There is an increasing trend away from drastic weight loss diets and a move towards diets that contain high quality foods that will improve health, as well as weight loss.
A healthy diet for weight loss needs to be sustainable, while not eating too many calories overall. Here are some diets to consider.
The Mediterranean diet is based on a traditional dietary pattern eating mainly plant based and small amounts of meat. It is high in dietary fat, predominantly monounsaturated fatty acids from extra virgin olive oil. Fruits, vegetables and wholegrains are a mainstay, and moderate amounts of nuts and seeds, fish, dairy and red wine are recommended.
Studies have found that following either a traditional Mediterranean diet or a low-carb version of it can result in weight loss of about 5-10% of body weight over 12 months. In one of the most successful weight loss trials to date, those assigned to the Mediterranean diet maintained weight loss over a period of six years.
This diet cycles between brief periods of fasting, with periods of unrestricted eating. The idea behind it is to prevent the body from getting used to a low-calorie diet that prevents further weight loss. By cycling between the low calorie and normal dietary patterns, it prevents the body to adapt to continuous calorie restriction.
There are different ways of carrying out this diet. One way is to restrict your eating to 25% of your calorie needs for a period of time of the day, for example in the morning. Then you would carry on eating for your usual daily calorie needs for the rest of the day. Another way is to alternate one day of low calorie eating with one day of normal eating.
Although animal studies have shown certain benefits of such a diet, Harvard University found that more high-quality studies with follow-up of greater than one year are needed to show a direct effect and the possible benefits of intermittent fasting. Certain people who typically eat one or two meals a day or do not eat for long stretches of time may show better compliance with this type of regimen.
This style of eating is about slowing down, being mindful of the sensory qualities of your food, appreciating the tastes, smells and textures. It is also about enjoying each mouthful, which can in turn help with your body recognising signals that it is satisfied and full. In this way, it can also distinguish between emotional versus physical hunger cues. This contrasts with distracted or mindless eating, where sometimes you can eat more food than you need. It includes acknowledging how the body feels after eating the meal, expresses gratitude for the meal and may use deep breathing or meditation before or after the meal.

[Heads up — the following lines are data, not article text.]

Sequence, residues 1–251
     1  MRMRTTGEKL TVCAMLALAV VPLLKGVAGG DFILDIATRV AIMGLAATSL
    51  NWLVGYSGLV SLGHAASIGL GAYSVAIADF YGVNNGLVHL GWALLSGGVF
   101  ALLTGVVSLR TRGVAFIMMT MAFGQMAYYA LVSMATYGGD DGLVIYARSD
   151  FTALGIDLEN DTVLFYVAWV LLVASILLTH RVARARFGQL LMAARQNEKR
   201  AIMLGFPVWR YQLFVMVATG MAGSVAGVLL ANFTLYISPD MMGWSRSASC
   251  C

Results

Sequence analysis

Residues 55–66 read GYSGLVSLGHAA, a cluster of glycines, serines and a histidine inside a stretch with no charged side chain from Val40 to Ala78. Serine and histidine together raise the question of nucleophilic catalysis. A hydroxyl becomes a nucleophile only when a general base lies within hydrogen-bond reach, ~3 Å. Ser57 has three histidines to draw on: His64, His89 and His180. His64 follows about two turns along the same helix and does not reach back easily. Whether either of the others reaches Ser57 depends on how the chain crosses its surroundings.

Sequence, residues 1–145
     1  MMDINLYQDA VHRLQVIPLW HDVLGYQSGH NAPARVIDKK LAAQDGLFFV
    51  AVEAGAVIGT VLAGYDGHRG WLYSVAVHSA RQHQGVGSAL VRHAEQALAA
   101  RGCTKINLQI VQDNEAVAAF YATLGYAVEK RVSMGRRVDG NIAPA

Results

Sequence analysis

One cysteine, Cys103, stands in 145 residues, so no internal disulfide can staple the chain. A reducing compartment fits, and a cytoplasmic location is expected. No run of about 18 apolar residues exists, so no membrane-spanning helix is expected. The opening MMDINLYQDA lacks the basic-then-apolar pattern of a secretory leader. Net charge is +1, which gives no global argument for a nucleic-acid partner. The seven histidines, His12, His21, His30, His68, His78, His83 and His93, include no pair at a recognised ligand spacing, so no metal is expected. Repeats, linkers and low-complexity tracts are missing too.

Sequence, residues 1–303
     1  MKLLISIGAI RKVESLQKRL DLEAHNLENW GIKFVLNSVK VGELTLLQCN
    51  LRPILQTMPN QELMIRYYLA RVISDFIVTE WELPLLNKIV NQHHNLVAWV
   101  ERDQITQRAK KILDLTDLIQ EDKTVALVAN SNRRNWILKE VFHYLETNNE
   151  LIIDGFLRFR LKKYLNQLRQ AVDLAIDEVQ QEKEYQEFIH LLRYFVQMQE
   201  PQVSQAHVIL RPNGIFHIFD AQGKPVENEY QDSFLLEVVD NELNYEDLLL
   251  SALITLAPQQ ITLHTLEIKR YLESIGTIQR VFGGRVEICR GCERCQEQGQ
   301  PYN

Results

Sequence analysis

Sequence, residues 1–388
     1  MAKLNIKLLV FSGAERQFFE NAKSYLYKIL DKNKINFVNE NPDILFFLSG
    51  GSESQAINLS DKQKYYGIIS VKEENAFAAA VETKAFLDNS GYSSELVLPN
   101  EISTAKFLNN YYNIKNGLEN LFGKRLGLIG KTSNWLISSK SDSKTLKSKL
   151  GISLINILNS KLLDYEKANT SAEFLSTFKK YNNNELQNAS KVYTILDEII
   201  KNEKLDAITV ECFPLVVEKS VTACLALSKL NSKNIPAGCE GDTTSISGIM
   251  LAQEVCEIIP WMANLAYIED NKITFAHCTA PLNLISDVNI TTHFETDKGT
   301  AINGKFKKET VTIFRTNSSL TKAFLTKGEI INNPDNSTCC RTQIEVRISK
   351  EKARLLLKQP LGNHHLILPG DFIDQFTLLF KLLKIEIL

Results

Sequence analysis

Intervention studies have shown that mindfulness approaches can be an effective tool in the treatment of unfavourable behaviours such as emotional eating and binge eating that can lead to uncontrolled weight gain, although weight loss as an outcome measure is not always seen.
However there is no standard for what defines mindful eating behaviour. Additional research is needed to determine what behaviours constitute a mindful eating practice. More research is needed to examine whether mindful eating is an effective strategy for weight management.
There is some evidence that a low-carbohydrate diet may help people lose weight more quickly than a low-fat diet and may help them maintain that weight loss.
In a research paper published in Statpearls, it informs that it is clear from numerous systematic reviews that low-carb diets are as effective, if not more effective, for weight loss compared to other diets.
In 2021, CSIRO researchers were also involved in an international study published in the British Medical Journal (BMJ) that demonstrated a low carbohydrate diet was more effective than a traditional higher carbohydrate, low fat diet in achieving remission of type 2 diabetes. The CSIRO Low-Carb Diet Health Program is one low carbohydrate program that has been researched for its effectiveness to help achieve sustained long-term weight loss.
The planetary health diet is symbolically represented by half a plate of fruits and vegetables. The other half consists of primarily whole grains, plant proteins such as beans, lentils, pulses, nuts, unsaturated plant oils, modest amounts of meat and dairy, and some added sugars and starchy vegetables.
The diet is quite flexible and allows for adaptation to dietary needs, personal preferences and cultural traditions. Vegetarian and vegan diets are two healthy options within the planetary health diet but are personal choices. According to Harvard University, the strongest evidence to date shows that calories matter, but focusing on food quality is an equally important part of preventing weight gain and promoting weight loss.
This diet provides the opportunity to follow a healthy plate that consists of high-quality foods. High-quality foods include unrefined, minimally processed foods such as vegetables and fruits, whole grains, healthy fats and healthy sources of protein – the foods recommended in the Healthy Eating Plate. Foods shown to be associated with weight loss were vegetables, whole grains, fruits, nuts, and yogurt.
Lower-quality foods include highly processed snack foods, sugar sweetened beverages, refined white grains, refined sugar, fried foods, foods high in saturated and trans fats, and high-glycemic foods such as potatoes. Harvard points to a study of over 120,000 healthy women and men spanning 20 years where researchers concluded that consumption of processed foods higher in starches, refined grains, fats, and sugars can increase weight gain.